Social cognitive evolution in captive foxes is a correlated by-product of experimental domestication.

Published

Journal Article

Dogs have an unusual ability for reading human communicative gestures (e.g., pointing) in comparison to either nonhuman primates (including chimpanzees) or wolves . Although this unusual communicative ability seems to have evolved during domestication , it is unclear whether this evolution occurred as a result of direct selection for this ability, as previously hypothesized , or as a correlated by-product of selection against fear and aggression toward humans--as is the case with a number of morphological and physiological changes associated with domestication . We show here that fox kits from an experimental population selectively bred over 45 years to approach humans fearlessly and nonaggressively (i.e., experimentally domesticated) are not only as skillful as dog puppies in using human gestures but are also more skilled than fox kits from a second, control population not bred for tame behavior (critically, neither population of foxes was ever bred or tested for their ability to use human gestures) . These results suggest that sociocognitive evolution has occurred in the experimental foxes, and possibly domestic dogs, as a correlated by-product of selection on systems mediating fear and aggression, and it is likely the observed social cognitive evolution did not require direct selection for improved social cognitive ability.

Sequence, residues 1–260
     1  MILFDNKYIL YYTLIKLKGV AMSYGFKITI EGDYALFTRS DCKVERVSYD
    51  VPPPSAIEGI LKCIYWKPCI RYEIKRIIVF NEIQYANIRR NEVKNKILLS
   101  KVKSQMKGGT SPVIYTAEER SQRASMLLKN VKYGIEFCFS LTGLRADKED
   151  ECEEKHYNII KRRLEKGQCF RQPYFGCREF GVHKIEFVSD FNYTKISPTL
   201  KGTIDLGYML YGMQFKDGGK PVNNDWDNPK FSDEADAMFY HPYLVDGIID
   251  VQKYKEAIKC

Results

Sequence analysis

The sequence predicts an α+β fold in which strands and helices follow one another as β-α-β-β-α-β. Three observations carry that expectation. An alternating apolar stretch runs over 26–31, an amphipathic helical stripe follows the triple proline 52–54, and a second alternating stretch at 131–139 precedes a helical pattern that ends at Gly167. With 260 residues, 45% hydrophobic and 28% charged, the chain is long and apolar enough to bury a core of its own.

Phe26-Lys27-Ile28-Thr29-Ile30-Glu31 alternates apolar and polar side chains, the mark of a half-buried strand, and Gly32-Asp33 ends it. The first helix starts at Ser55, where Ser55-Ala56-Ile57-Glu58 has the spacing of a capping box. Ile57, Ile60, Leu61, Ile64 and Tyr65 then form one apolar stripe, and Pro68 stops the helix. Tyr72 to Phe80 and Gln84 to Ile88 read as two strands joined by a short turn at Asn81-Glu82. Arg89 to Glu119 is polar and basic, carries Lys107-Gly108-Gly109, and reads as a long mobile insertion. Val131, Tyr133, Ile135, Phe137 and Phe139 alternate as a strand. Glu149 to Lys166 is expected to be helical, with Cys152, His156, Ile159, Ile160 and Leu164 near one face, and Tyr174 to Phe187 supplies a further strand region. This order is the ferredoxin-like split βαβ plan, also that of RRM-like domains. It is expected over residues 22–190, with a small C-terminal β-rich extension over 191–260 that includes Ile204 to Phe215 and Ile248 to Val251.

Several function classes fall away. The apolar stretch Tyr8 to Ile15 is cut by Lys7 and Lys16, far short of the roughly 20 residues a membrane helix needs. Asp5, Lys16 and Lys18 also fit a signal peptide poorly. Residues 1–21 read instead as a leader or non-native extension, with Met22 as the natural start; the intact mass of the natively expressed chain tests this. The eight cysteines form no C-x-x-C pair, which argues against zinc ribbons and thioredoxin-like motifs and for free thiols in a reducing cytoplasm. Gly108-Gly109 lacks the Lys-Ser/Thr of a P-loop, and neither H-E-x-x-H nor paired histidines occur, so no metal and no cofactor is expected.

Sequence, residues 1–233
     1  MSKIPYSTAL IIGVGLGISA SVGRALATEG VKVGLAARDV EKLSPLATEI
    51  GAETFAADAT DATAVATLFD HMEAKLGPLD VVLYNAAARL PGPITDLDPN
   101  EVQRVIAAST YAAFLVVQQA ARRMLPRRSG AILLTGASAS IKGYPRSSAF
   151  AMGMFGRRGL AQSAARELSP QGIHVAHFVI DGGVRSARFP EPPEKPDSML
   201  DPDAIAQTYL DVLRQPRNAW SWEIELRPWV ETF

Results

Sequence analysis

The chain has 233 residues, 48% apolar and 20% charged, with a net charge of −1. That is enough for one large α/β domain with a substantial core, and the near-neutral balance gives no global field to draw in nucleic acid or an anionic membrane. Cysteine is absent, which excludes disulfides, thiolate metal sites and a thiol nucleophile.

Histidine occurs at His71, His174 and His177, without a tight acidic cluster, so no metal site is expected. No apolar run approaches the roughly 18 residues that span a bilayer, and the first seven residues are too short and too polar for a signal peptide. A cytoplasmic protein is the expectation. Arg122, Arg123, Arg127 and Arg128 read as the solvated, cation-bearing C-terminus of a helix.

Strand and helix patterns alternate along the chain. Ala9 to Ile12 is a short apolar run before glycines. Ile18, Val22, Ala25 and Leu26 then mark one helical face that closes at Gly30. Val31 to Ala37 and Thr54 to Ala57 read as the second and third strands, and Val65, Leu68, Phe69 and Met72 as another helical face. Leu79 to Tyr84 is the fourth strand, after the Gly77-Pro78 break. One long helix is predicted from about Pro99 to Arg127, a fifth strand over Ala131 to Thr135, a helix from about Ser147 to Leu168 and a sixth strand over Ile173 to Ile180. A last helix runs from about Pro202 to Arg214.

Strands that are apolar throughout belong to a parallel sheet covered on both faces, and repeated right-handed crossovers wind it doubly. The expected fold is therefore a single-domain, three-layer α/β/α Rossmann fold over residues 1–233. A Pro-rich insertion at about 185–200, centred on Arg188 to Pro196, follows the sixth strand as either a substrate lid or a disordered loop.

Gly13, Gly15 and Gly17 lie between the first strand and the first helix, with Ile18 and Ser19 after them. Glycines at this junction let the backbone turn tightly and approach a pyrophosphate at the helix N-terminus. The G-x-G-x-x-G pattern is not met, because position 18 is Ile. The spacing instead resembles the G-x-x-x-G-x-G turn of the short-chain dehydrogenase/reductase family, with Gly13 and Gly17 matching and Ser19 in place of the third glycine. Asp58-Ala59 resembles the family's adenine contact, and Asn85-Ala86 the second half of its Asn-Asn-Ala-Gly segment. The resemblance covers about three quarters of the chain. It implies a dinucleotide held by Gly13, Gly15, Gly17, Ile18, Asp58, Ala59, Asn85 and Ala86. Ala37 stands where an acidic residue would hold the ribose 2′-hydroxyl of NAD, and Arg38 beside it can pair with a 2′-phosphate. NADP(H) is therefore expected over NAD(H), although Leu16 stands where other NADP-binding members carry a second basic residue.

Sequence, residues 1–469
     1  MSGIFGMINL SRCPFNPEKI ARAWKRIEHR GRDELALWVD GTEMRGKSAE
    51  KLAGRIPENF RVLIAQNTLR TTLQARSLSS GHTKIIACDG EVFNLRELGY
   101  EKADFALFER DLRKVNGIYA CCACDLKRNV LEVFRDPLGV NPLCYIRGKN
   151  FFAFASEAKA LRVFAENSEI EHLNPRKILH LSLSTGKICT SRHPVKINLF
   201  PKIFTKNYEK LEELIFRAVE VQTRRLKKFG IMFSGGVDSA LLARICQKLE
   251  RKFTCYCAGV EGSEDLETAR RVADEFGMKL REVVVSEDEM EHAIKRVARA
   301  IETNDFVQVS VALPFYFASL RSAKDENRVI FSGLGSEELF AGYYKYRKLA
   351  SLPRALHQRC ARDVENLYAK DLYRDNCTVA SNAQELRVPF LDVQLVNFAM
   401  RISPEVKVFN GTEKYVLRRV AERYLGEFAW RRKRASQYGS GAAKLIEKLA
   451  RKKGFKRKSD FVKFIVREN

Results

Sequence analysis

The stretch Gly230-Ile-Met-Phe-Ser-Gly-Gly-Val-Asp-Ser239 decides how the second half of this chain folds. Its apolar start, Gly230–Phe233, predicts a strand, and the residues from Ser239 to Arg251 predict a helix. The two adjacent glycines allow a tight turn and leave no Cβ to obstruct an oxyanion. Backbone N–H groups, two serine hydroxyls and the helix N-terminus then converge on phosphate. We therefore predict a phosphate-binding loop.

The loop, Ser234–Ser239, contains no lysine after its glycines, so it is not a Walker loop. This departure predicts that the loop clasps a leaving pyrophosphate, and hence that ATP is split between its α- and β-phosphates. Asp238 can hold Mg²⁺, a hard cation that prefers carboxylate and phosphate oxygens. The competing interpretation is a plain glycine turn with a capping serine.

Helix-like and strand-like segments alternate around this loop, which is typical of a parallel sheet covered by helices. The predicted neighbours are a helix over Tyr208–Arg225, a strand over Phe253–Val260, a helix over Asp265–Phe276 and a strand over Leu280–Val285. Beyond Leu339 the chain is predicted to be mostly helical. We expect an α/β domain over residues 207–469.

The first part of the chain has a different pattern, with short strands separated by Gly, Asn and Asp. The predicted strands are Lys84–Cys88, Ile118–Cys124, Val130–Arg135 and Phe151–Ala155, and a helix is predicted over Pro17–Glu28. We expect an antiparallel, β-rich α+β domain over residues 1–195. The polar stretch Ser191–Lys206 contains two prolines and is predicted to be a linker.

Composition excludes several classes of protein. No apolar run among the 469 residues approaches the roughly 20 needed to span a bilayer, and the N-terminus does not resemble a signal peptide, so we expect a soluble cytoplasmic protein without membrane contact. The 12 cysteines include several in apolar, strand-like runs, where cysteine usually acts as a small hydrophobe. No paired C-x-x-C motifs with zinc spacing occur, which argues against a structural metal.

Full Text

Duke Authors

Cited Authors

  • Hare, B; Plyusnina, I; Ignacio, N; Schepina, O; Stepika, A; Wrangham, R; Trut, L

Published Date

  • February 2005

Published In

Volume / Issue

  • 15 / 3

Start / End Page

  • 226 - 230

PubMed ID

  • 15694305

Pubmed Central ID

  • 15694305

Electronic International Standard Serial Number (EISSN)

  • 1879-0445

International Standard Serial Number (ISSN)

  • 0960-9822

Digital Object Identifier (DOI)

  • 10.1016/j.cub.2005.01.040

Language

  • eng